Utah ranks No. 9 nationally — up one spot this year — for the condition and cost-effectiveness of its state highway system.

That’s according to an annual study released Thursday by the Reason Foundation, a libertarian think tank that promotes free markets. The report is based on federal data.

“Utah shows that efficient departments of transportation tend to have higher rankings. The state has long been considered an innovative DOT, winning several national awards for administration and creativity,” said Baruck Feigenbaum, lead author of the report.

He praised the Utah Department of Transportation for basing project priority and decisions on objective data about traffic and conditions, and for collaborating well with federal and local governments.

The study ranks each state highway system in 13 categories.

Utah’s best rankings are in urban arterial pavement condition (third) and the number of structurally deficient bridges (fifth). Its worst rankings are in maintenance disbursements per mile (40th) and its rural fatality rate (31st).

In other key safety and performance categories, it ranked ninth for its overall fatality rate, 20th in traffic congestion and 11th in urban interstate pavement condition. On spending, Utah ranks 31st in total spending per mile and 17th in capital and bridge costs per mile.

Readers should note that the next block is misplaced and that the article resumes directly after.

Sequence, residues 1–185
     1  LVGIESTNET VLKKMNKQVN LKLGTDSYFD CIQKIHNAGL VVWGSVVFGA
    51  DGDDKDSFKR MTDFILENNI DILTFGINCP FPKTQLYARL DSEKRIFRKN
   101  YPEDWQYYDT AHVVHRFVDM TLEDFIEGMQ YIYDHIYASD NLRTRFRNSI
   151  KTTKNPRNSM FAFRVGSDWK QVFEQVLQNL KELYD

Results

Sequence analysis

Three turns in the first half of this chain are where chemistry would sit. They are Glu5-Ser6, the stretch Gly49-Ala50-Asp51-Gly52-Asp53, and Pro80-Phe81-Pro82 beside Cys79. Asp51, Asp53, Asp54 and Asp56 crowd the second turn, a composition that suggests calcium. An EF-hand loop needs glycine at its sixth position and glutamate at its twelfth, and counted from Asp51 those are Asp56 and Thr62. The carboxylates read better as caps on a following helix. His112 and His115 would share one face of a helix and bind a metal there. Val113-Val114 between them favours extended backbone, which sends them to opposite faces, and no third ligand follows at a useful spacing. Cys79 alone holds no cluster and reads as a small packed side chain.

Utah’s state highway system mileage is the 39th largest in the nation.

Feigenbaum said the best way for Utah to climb in the rankings is to reduce the rate of traffic deaths.

Data showed more fatalities nationally in 2016 (the most recent year studied) than in any year since 2007.

As far as overall highway performance, Utah ranks better than Arizona (29th), Colorado (36th), Idaho (13th), Nevada 927th) and New Mexico (21st).

Atop the rankings nationally were North Dakota, Virginia, Missouri, Maine and Kentucky.

The states with the worst ratings were New Jersey, Alaska, Rhode Island, Hawaii and Massachusetts.

The study says that pavement condition on both urban and rural Interstates nationally are deteriorating, with the percentage of urban Interstate mileage in poor condition increasing in 29 of 50 states. One-third of the nation’s urban Interstate mileage that is in poor condition is concentrated in just five states: California, Delaware, Hawaii, Louisiana, and New York.

Traffic congestion nationally remains about the same from the previous report, with Americans spending an average of 35 hours a year stuck in traffic. Drivers in New Jersey, New York, California, Georgia and Massachusetts experience the longest delays due to urban traffic congestion in their metro regions.